Eating enough during the day

Lauren: There are points in time where babies are really distracted and they’re struggling to eat during the day, if they’re not getting those feeds during the day, they’re going to be up overnight looking to make up for the feeds that they’re not getting. Oftentimes us parents introduce solids, sometimes we can get a little bit carried away and we’re giving three, four meals of solids at six, seven, eight months, and then babies aren’t taking milk, so they’re up over night.

Lauren: There are also other reasons as well that sometimes, especially in the early evening our prolactin levels dip a bit, and so if our supply is low for whatever reason, if there’s been some issues with tongue function or scheduled feeds, sometimes babies won’t be really eating much at that time, and then at night when our prolactin levels come back up and it’s quiet and it’s dark, then oftentimes we’ll be… Our babies are up all night trying to take in that milk.

Shifting the pattern

Lauren: So as it relates to changing, feeding at night, it really… It’s a bit complicated because the first place that I always recommend that parents start is if you are breastfeeding or bottle-feeding, my first go-to is to speak to a lactation consultant just to make sure that baby is gaining, make sure that there’s no issues with feeding before you start making changes to not feeding overnight. But it’s… Again, it’s not about a method, oftentimes what I’ll say to parents is, if you’ve had that appointment with the lactation consultant, and let’s say you’ve got five feeds overnight and your baby’s 10 months, let’s support some emotion and change the pattern just with the first wake up after bedtime.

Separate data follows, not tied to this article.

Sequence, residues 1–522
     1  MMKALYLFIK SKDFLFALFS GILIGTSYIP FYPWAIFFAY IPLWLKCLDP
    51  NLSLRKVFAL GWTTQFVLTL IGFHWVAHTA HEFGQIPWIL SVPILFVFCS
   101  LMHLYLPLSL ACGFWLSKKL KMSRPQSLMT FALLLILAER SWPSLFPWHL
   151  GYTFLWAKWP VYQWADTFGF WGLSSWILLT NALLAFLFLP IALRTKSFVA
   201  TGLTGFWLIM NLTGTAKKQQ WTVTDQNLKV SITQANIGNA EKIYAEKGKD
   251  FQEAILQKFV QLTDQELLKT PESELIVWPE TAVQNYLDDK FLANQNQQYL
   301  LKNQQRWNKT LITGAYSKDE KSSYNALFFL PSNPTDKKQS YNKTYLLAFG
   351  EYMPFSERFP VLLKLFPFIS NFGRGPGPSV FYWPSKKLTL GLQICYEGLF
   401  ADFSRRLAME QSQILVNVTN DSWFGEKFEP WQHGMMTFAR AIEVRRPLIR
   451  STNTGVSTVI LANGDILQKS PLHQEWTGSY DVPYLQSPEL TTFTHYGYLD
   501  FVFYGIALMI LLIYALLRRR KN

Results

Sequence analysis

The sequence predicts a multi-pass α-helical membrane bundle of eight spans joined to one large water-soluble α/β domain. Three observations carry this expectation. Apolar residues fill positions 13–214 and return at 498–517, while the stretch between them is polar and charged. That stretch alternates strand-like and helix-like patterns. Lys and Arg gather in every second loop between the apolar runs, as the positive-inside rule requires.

Lauren: So if it’s been two hours, I know that normally I feed you, but I’m not going to be feeding you tonight, I’m going to snuggle cuddle, kiss, rock, bounce, whatever it is that I need to do to shift that pattern, and then slowly as they get more used to it, you can pull back on maybe not needing to bounce or rock or any of these other things, because you’re more comfortable supporting emotion and your baby will accept the new way of falling asleep. But again, the feeding piece is a little bit more challenging ‘cause the feeding is about so much more than just calories, there’s also the connection, the comfort, any discomfort that baby is having that sucking is actually moving the body from the sympathetic nervous system into the parasympathetic nervous system, which is a place of calm, so it also helps them pass gas, it helps with teething pain, there’s so much going on as it relates to the feeding piece.

Jessica: So there’s that moment where, let’s say you are going back to work and you work at night and you need to get your baby down to sleep without nursing, because you’re going to be handing them over to someone else at some point to get them down to sleep. What does this look like if you… They’re crying and then you ‘give in’ and you do nurse them again, and then… I feel like there are all these rules… And then it just ends up making us feel bad and we’re failures, but then we’re in that really heated moment with our baby and it’s just too much, we just have to go back. I’m speaking for myself.

Lauren: There are going to be times when you’re changing patterns and we have this idea that once we start, we just have to keep going, you know? Okay, I started, I committed, I said I was doing it tonight, so I’m going to keep going. The minute you don’t feel calm as a parent, your child doesn’t feel calm. So it’s about being in that moment to knowing when your child has had too much and saying, “Actually, I can see you’re having a really hard time, we’re going to nurse tonight and maybe tomorrow we’ll try again.”